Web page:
HELENA, Mont. — A federal appeals court ruled Tuesday to cancel a long-disputed oil and gas lease on land in northwestern Montana considered sacred to tribes in the U.S. and Canada.
The three-judge panel of the U.S. Court of Appeals for the District of Columbia Circuit overruled a judge's 2018 decision that had allowed a Louisiana company to keep its lease within the Badger Two-Medicine area of Lewis and Clark National Forest.
That area near Glacier National Park is the site of the creation story of the Blackfoot tribes of southern Canada and Montana's Blackfeet Nation.
John Murray, the Blackfeet's tribal historic preservation officer, said the court's decision will close a "long and painful chapter in the history of our people."
"These leases should never have been issued in the first place," Murray said. "Today's ruling shows that these companies and their lawyers were not just on the wrong side of history but were also on the wrong side of the law when they waged their 40-year crusade to drill our ancestral land."
“Our traditional practices and traditional lands are the firm ground underfoot that we need to push off into the future,” said Tyson Running Wolf. Running Wolf is a Montana state legislator, former Blackfeet Tribal Business Council member, hunting outfitter and leader among Blackfeet traditionalists. “This is how we heal ourselves, how we heal our communities, how we move forward into success. The Badger-Two Medicine is more than just land; it’s an entire way of life.”
Tim Preso, Earthjustice attorney, argued the case on behalf of intervenors including Blackfeet Headwaters Alliance, Pikuni Traditionalist Association, Glacier-Two Medicine Alliance, Montana Wilderness Association, National Parks Conservation Association and The Wilderness Society. These organizations have since joined the Blackfeet Nation in calling for permanent protection of the Badger-Two Medicine.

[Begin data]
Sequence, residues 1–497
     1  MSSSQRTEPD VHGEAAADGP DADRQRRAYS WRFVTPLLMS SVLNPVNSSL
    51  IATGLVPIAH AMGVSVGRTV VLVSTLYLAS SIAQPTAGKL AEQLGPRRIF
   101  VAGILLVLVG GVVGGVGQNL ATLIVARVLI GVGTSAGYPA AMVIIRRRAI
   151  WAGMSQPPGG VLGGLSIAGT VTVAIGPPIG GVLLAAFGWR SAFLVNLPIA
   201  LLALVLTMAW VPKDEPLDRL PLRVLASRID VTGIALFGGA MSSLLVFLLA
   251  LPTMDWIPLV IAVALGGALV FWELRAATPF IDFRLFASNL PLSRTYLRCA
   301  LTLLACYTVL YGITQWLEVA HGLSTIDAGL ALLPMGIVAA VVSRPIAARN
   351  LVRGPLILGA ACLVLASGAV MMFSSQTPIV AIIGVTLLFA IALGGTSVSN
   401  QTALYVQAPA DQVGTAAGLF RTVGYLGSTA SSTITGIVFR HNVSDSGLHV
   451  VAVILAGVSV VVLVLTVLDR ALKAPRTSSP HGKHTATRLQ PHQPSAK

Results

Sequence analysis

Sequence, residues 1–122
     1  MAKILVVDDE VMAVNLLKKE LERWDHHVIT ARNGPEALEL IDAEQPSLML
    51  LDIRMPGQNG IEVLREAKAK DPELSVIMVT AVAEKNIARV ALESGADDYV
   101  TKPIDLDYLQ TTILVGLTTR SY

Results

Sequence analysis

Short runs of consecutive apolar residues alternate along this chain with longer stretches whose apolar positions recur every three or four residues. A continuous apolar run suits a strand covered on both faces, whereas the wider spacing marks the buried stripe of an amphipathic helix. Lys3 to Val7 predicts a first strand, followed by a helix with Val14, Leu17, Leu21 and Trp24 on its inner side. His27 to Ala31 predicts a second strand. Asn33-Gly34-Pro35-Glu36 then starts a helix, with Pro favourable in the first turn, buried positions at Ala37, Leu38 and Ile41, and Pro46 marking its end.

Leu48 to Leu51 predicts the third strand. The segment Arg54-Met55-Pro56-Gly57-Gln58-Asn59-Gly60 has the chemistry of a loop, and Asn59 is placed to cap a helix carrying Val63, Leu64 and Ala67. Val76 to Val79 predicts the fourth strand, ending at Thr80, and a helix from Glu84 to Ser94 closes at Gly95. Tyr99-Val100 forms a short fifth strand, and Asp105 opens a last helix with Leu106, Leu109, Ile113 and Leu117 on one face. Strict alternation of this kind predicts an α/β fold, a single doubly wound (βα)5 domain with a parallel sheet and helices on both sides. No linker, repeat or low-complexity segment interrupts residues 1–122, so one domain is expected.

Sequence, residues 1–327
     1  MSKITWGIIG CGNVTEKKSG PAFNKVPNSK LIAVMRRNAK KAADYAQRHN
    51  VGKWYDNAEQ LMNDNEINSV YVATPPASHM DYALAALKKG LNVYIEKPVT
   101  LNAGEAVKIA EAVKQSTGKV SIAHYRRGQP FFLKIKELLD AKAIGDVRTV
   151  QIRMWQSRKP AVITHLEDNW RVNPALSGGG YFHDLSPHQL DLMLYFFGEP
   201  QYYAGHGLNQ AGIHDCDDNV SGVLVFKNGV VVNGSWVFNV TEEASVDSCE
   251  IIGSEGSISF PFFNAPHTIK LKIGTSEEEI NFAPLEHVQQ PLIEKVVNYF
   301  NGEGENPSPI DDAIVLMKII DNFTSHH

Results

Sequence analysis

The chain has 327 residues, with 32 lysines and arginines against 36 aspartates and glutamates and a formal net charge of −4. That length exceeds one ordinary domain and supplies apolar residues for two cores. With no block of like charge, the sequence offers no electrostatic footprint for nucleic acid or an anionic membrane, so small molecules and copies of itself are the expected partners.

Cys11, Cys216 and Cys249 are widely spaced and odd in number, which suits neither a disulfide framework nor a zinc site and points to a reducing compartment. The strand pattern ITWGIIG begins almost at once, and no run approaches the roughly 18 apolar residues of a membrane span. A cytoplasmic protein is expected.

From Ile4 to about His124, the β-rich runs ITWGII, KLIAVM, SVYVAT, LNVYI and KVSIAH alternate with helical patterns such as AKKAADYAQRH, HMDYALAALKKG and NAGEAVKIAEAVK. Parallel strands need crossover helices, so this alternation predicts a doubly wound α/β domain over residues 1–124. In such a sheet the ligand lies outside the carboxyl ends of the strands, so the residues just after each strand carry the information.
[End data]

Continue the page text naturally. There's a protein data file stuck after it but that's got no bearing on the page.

The lease owned by Solenex LLC was the last active exploratory lease of about 45 issued in the Badger-Two Medicine area since the 1980s.
"We're obviously very disappointed in the panel's decision today, particularly their refusal to engage with any of the arguments we raised on appeal," said David McDonald, attorney for Solenex, which is owned by Sidney Longwell. "We fully intend on continuing to fight for Solenex and the Longwell family, and we're currently considering all available avenues to do so."
The company has held the lease for more than 30 years. It had not yet drilled because of bureaucratic delays within the U.S. departments of Interior and Agriculture, prompting the company to sue in 2013.
The U.S. government canceled the lease in 2016, saying a proper environmental analysis had not been conducted, a decision Solenex challenged. A federal judge sided with the company in 2018, saying the long amount of time between the lease being issued and canceled violated federal law.
The three-judge appellate panel ruled the judge's findings were wrong and that the the government had considered Solenex's interests.
"Delay by itself is not enough to render the lease cancellation arbitrary or capricious," the ruling said.